Manchester United fan 'ashamed' and hopes others 'think twice' after tragedy chanting conviction

  • ITV Granada Reports journalist Anna Youssef was at Manchester Magistrates Court for the sentencing

A Manchester United supporter says he is "ashamed" and hopes other fans "think twice" after being convicted of "tragedy chanting".

Michael Avery, 45, pleaded guilty to a public order offence after making gestures related to the Hillsborough and Heysel stadium disasters at the FA Cup quarter-final between Manchester United and Liverpool.

Avery who was given a three-year football banning order and ordered to pay £1,205, said he was "deeply sorry".

He told Manchester Magistrates’ Court: “I just want to reiterate that I’m just deeply sorry and I really regret what I did. I’m ashamed and embarrassed.

“Everyone that knows me has obviously felt this as well. It’s just a difficult situation. I wish it never would have happened. I regret it terribly.

“I hope other people look on what’s happened to me and think twice before they do anything at football games.”

Tess Kenyon, prosecuting, told the court the case involved “tragedy chanting” at the Old Trafford game on 17 March, which was won 4-3 by Manchester United.

A video from an account on X was played in which Avery could be seen putting his hand over his face with his fingers splayed.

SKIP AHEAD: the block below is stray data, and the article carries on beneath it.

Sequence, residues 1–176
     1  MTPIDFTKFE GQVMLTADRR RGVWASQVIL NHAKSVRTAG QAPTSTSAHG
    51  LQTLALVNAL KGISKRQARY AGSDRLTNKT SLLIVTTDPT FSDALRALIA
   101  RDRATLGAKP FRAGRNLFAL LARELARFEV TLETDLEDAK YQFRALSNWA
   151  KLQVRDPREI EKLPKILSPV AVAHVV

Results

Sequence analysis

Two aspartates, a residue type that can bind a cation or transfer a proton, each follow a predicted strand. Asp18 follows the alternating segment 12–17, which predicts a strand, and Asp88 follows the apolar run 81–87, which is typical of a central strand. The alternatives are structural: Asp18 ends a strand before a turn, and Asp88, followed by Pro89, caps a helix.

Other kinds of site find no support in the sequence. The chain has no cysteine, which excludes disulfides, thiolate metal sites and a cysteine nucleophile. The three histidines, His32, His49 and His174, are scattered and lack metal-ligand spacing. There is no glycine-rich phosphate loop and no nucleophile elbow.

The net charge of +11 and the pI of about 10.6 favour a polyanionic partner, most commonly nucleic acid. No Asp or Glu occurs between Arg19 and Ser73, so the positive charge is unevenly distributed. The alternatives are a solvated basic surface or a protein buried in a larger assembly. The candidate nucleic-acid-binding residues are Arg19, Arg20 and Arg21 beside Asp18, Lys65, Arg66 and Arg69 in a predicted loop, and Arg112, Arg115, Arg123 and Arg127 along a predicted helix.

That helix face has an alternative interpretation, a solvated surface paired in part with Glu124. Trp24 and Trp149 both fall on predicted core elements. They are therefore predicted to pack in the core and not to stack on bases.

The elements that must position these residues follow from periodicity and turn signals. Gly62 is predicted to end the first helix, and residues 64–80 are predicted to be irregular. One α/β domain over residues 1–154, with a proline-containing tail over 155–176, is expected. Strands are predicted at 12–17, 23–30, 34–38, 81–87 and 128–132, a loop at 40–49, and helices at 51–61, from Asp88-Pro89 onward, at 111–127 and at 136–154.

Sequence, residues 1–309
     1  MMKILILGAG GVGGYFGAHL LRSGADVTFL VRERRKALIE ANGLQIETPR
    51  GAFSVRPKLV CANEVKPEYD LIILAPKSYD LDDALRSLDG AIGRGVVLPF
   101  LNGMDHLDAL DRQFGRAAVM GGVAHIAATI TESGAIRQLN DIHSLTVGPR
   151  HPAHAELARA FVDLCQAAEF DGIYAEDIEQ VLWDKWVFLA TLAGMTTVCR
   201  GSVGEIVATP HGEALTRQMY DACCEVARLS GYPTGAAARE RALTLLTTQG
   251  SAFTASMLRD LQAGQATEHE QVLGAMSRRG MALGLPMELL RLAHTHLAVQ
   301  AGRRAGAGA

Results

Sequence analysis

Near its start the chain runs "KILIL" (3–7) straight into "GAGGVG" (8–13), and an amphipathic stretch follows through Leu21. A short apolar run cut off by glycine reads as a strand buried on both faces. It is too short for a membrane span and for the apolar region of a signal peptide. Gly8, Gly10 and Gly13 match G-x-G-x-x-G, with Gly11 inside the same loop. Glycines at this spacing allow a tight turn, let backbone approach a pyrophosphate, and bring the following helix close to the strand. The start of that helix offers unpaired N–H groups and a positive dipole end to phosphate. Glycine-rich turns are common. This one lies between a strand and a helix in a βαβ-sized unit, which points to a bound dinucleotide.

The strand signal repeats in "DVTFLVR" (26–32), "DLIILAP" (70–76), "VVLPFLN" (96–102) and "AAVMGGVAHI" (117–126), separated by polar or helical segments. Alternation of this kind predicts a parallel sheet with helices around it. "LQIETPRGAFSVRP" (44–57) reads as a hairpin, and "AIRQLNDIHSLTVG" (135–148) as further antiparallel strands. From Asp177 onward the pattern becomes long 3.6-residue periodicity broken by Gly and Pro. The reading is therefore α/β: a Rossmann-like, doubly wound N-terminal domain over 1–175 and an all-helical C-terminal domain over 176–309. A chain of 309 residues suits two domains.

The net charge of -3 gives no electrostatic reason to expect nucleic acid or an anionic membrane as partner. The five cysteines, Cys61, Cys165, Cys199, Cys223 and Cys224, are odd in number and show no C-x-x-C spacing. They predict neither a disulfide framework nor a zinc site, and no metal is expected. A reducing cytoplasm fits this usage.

The court heard the gesture was a reference to the Hillsborough disaster, in which 97 Liverpool fans died following a crush at the 1989 FA Cup semi-final.

Avery was also seen pushing with two hands, which the court was told was a reference to the Heysel stadium disaster, where 39 people died at a match between Juventus and Liverpool.

The defendant, wearing a black long-sleeved polo-shirt, sat with his head down as the short video was played twice.

Ms Kenyon said: “The defendant’s gestures are abusive in the context of what they denote and they were directed towards Liverpool fans at this football match.”

She told the court the video went viral online and the following day the defendant presented himself at a police station where he told officers people were “getting the wrong end of the stick”.

Ian Huggan, defending, said Avery was a “family man” with a job in the construction industry.

He said: “He feels that he has not only let himself down but his family and close friends.”

Magistrates told Avery, of Cranham Road, Manchester, he was banned from from attending football matches in the UK for three years and would have to surrender his passport when certain games were played outside the UK.

He was given a fine of £800 and ordered to pay a victim surcharge of £320 and prosecution costs of £85.